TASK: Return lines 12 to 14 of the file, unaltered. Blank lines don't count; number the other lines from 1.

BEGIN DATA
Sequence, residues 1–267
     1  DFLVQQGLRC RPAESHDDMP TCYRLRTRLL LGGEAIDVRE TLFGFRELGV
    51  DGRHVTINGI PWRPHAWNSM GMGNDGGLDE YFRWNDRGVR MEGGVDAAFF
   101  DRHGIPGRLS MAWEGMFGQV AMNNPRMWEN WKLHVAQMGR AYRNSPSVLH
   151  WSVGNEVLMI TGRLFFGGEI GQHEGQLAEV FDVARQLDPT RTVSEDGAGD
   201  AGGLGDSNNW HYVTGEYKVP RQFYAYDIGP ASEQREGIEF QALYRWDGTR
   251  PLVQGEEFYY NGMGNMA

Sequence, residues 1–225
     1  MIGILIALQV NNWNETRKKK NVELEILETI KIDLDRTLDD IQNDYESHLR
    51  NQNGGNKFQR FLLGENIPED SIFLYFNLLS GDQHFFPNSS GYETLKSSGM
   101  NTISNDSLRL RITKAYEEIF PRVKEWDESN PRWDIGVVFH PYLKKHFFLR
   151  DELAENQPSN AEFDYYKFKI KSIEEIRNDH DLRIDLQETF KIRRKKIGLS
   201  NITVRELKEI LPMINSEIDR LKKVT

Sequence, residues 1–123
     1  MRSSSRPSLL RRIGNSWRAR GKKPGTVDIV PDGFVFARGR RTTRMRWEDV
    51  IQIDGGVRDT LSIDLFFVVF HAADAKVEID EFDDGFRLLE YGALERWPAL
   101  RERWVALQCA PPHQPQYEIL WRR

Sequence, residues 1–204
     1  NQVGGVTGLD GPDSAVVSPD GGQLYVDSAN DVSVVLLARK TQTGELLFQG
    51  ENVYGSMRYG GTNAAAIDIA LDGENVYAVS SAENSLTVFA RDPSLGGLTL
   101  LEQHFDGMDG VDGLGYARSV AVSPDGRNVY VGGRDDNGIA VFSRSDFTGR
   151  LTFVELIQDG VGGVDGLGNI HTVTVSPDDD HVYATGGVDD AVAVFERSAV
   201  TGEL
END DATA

   151  DELAENQPSN AEFDYYKFKI KSIEEIRNDH DLRIDLQETF KIRRKKIGLS
   201  NITVRELKEI LPMINSEIDR LKKVT

Sequence, residues 1–123